Monday, 10 March 2014

Waste management and recycling

Hazards and issues related to the incorrect management or neglect of correct waste management are extensive, they include;
  • Harmful substances – when dealing with waste and recycling the following can include, cleaning solutions, varnishes, bleach, paint, batteries, pesticides, and garden products such as weed killer.
  • Biological agents – human waste, used needles, syringes and drugs.
  • Rodent infestations
  • Animal waste, such as pet litter, hutches , hay and straw

Exposure can be made in a number of ways including;
  • Inhalation
  • Skin penetration through pricks and cuts
  • Skin contact
  • Ingestion

Employers are responsible for taking measures to minimise and control exposure to the hazards. The Control of Substances Hazardous to Health Regulations 2002 (COSHH 2002) contains the main relevant legal requirements. Employers must assess the risk from harmful substances; this includes reducing the risk at the source by either promoting usage of schemes such as hazardous waste return and needle return schemes.

Most hazards and risks are hugely reduced by using simple measures to control waste.

Waste Carrier's Licensing

If a business, such as Bath Property Maintenance Ltd, carries any form of waste, including their own, then they need to register for a license. Businesses can register as waste carriers on Registering as a lower tier carrier allows you to carry your own waste, registering as an upper tier waste carrier is required for businesses that carry the waste of others. By law, all businesses that carry the waste of others are required to fill out a waste transfer note for each load of waste transferred.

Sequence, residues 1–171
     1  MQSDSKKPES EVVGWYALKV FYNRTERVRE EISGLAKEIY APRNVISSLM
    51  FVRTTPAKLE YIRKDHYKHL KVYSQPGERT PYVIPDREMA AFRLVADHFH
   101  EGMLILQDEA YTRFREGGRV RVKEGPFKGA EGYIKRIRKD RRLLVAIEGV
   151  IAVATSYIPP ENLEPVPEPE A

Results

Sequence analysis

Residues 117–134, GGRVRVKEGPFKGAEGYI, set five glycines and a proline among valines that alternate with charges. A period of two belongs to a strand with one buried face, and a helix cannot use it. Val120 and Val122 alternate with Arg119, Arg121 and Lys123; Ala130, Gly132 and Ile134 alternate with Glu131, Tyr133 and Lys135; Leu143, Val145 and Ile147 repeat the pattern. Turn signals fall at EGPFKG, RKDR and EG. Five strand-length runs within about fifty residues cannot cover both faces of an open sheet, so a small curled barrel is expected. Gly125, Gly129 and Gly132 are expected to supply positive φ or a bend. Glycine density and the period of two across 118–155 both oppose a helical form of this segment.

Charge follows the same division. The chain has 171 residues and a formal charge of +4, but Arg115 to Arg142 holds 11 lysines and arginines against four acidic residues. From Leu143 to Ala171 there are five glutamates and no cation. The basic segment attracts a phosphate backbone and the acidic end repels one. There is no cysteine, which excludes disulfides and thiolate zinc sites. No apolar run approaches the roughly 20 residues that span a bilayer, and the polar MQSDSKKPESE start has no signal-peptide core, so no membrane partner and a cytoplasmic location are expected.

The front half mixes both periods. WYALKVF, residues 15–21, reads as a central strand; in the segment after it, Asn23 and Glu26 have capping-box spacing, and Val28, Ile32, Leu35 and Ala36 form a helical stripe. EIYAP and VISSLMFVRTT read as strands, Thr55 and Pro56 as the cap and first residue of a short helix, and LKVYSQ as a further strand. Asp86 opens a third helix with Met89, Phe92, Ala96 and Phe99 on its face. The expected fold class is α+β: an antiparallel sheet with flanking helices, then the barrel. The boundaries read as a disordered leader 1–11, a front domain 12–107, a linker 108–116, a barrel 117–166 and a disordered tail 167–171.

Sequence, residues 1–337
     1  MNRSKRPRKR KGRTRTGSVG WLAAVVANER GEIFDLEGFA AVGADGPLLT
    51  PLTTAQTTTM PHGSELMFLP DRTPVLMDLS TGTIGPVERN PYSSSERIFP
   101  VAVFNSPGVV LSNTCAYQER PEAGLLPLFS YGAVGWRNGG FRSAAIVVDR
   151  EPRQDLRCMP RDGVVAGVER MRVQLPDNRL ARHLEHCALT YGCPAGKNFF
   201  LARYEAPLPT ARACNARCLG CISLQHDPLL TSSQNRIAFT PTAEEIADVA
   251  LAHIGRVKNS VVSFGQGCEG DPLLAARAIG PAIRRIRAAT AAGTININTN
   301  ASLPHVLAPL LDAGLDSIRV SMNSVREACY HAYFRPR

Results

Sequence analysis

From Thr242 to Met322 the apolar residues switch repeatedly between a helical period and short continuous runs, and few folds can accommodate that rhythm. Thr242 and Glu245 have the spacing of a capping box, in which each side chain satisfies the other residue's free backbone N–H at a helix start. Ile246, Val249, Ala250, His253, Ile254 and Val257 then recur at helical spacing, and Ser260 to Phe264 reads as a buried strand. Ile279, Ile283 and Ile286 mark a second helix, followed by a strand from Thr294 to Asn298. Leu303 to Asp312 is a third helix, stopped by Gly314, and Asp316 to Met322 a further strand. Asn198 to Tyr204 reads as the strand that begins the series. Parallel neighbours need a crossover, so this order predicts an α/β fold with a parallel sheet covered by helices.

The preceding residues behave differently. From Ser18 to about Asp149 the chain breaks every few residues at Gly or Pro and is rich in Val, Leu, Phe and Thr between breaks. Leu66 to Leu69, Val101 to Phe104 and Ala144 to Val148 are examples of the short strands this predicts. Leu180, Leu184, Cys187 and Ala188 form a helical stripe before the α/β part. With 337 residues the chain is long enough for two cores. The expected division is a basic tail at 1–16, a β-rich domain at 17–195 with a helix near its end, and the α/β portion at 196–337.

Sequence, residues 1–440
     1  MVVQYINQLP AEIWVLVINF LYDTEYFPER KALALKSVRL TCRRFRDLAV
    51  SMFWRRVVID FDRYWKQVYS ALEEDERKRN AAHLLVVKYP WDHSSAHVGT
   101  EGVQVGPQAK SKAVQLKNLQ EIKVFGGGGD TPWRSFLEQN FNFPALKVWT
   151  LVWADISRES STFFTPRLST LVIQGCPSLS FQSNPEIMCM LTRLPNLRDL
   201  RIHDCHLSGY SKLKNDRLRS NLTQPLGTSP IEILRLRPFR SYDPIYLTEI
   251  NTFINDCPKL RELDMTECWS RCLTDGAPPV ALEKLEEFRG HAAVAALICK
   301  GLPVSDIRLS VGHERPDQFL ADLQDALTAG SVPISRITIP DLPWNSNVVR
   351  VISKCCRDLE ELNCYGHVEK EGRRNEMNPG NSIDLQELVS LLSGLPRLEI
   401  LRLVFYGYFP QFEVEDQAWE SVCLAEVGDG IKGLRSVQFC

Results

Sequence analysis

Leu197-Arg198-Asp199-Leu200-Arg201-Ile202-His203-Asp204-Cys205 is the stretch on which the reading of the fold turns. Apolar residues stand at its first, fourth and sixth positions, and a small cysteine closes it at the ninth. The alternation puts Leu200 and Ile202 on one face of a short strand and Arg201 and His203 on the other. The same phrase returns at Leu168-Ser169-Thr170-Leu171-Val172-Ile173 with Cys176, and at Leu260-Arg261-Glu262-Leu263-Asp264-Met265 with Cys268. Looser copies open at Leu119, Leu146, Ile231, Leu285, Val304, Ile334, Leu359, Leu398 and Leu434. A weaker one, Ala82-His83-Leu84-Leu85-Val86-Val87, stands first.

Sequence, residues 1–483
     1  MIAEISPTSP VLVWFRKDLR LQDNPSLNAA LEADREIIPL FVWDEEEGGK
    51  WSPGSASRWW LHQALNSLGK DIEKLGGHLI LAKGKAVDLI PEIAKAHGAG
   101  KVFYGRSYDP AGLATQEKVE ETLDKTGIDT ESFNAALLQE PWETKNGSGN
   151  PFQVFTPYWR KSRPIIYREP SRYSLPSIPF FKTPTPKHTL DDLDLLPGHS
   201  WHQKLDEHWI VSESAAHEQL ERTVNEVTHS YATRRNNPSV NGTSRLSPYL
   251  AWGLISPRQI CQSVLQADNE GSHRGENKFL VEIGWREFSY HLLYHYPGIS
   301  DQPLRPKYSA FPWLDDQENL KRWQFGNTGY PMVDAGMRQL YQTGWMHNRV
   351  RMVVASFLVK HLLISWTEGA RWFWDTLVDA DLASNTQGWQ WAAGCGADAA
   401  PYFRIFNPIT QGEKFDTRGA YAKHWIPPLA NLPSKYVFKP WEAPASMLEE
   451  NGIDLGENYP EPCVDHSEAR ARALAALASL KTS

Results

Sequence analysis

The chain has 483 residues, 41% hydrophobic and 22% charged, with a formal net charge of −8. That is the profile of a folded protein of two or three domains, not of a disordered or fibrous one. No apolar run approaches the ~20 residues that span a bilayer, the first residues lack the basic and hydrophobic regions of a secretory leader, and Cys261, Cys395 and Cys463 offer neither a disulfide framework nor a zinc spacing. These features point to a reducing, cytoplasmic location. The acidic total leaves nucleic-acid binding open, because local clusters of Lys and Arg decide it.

As an example, for an electrical job where the waste generated includes only the packaging of materials that the contractor purchased themselves, then only a lower tier license is required. But if the electrical work involves replacing wires, the existing waste wiring removed requires an upper tier license to transport it.


COSHH requires employers to take general steps to manage and assess employee’s exposure to hazardous substances, such as;
  • Identify which employees may be at risk and how
  • Monitor and review the risk and who may be at risk regularly
  • Implement measures to control the risk


Employers must state clear instructions, and provide adequate training for the following;
  • Details of the hazards and risks they may face
  • Guides for good personal hygiene
  • The companies procedures for dealing with contamination and incidents
  • The companies procedures for reporting incidents
New employees must receive induction training in the company’s policies and existing employees must have regular refresher training and be made aware of any changes or additions to the company's policies.


A good standard of personal hygiene is very important for employees, facilities must be provided to employees such as;
  • Protective clothing
  • Adequate washing facilities where appropriate
  • Company procedures for when gross contaminations occurs